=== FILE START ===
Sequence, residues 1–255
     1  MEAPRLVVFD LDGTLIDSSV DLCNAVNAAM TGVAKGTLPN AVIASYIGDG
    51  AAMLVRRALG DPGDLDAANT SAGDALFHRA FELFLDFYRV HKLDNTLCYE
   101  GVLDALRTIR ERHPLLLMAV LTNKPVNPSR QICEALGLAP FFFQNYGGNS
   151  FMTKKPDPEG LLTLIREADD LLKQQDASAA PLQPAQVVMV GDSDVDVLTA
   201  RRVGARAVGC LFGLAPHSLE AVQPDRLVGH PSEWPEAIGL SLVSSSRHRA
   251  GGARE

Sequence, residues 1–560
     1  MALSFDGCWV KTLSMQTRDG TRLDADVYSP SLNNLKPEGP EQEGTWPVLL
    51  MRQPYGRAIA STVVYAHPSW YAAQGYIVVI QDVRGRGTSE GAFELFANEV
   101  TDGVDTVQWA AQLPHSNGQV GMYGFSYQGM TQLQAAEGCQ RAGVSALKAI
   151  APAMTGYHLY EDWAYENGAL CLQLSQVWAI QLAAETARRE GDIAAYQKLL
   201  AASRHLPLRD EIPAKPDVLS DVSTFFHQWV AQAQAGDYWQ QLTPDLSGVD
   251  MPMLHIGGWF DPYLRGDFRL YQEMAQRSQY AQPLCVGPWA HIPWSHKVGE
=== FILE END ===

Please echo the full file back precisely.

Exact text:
Sequence, residues 1–255
     1  MEAPRLVVFD LDGTLIDSSV DLCNAVNAAM TGVAKGTLPN AVIASYIGDG
    51  AAMLVRRALG DPGDLDAANT SAGDALFHRA FELFLDFYRV HKLDNTLCYE
   101  GVLDALRTIR ERHPLLLMAV LTNKPVNPSR QICEALGLAP FFFQNYGGNS
   151  FMTKKPDPEG LLTLIREADD LLKQQDASAA PLQPAQVVMV GDSDVDVLTA
   201  RRVGARAVGC LFGLAPHSLE AVQPDRLVGH PSEWPEAIGL SLVSSSRHRA
   251  GGARE

Sequence, residues 1–560
     1  MALSFDGCWV KTLSMQTRDG TRLDADVYSP SLNNLKPEGP EQEGTWPVLL
    51  MRQPYGRAIA STVVYAHPSW YAAQGYIVVI QDVRGRGTSE GAFELFANEV
   101  TDGVDTVQWA AQLPHSNGQV GMYGFSYQGM TQLQAAEGCQ RAGVSALKAI
   151  APAMTGYHLY EDWAYENGAL CLQLSQVWAI QLAAETARRE GDIAAYQKLL
   201  AASRHLPLRD EIPAKPDVLS DVSTFFHQWV AQAQAGDYWQ QLTPDLSGVD
   251  MPMLHIGGWF DPYLRGDFRL YQEMAQRSQY AQPLCVGPWA HIPWSHKVGE